For years I have been encouraging managers of volunteer programs to function as in-house consultants; building commitment, capacity and competency of all staff that interface with volunteers in their organization. For too many years, I have seen the leaders of volunteer programs laboring diligently, trying single-handedly to manage volunteer programs in organizations where there was little buy-in, support or appreciation for their efforts. This has taken its toll on them and on the programs they have led.
Training tools/modules have been developed to help managers of volunteer programs train all staff in skills needed to work effectively with volunteers. But, staff training alone does not solve the problem. Although upper management is increasingly endorsing staff training in supervision of volunteers, they themselves are not always modeling good volunteer management at the top levels of the organization nor are they understanding and performing the roles necessary for them to contribute to a strong volunteer-friendly organization.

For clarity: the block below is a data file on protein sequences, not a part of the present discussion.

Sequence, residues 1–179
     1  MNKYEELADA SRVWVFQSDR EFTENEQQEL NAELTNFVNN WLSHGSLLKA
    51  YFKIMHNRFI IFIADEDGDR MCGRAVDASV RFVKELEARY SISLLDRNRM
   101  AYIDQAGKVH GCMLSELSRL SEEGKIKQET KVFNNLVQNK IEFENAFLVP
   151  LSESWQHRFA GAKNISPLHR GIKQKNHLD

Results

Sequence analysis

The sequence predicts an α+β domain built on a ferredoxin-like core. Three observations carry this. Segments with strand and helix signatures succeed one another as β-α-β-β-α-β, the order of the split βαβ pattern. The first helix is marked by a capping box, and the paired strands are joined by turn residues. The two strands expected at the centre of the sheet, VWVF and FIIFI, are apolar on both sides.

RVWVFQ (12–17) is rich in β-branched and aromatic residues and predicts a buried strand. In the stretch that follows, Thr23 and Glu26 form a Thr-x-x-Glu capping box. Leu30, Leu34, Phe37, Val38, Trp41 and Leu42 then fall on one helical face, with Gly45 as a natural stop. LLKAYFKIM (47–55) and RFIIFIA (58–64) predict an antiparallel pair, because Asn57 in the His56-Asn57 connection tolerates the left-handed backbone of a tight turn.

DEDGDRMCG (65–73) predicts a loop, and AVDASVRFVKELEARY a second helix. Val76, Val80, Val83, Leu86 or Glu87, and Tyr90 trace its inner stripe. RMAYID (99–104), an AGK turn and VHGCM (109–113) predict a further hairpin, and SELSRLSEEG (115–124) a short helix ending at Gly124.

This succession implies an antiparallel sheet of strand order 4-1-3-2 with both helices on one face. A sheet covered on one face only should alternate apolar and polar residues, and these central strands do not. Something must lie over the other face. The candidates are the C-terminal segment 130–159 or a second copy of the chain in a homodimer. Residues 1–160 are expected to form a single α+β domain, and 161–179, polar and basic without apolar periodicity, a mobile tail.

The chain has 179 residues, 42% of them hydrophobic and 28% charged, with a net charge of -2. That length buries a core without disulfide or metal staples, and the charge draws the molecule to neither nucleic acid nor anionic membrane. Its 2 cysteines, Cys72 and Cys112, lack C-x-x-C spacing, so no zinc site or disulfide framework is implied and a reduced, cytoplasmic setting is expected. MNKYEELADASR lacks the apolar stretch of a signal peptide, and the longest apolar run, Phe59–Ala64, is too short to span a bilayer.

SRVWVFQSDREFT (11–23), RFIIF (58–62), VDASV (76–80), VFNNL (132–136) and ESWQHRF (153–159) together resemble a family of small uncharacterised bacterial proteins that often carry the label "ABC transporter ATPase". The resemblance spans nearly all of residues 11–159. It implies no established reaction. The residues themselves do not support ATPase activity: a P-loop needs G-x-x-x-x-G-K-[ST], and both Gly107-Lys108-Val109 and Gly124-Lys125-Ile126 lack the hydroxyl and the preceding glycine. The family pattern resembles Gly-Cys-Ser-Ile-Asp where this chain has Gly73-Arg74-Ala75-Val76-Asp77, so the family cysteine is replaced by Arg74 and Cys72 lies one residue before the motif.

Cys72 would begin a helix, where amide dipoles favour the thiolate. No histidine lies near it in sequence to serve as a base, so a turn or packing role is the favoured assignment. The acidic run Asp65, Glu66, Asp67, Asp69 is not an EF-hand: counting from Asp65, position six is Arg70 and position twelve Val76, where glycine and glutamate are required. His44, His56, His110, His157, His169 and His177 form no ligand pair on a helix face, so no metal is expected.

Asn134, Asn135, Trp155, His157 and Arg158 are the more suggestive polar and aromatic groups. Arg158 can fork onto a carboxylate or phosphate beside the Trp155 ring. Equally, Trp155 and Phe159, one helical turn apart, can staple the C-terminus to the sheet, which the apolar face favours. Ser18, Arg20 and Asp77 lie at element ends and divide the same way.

Without a synergistic exchange among the management team (including a manager of volunteer programs or those who provide shared leadership for the volunteer program), the organization will never achieve an optimal volunteer program.
Betty Stallings makes the case for developing a volunteer program management team, with solid advice for convincing agency executives this is best for the organization – and for them personally.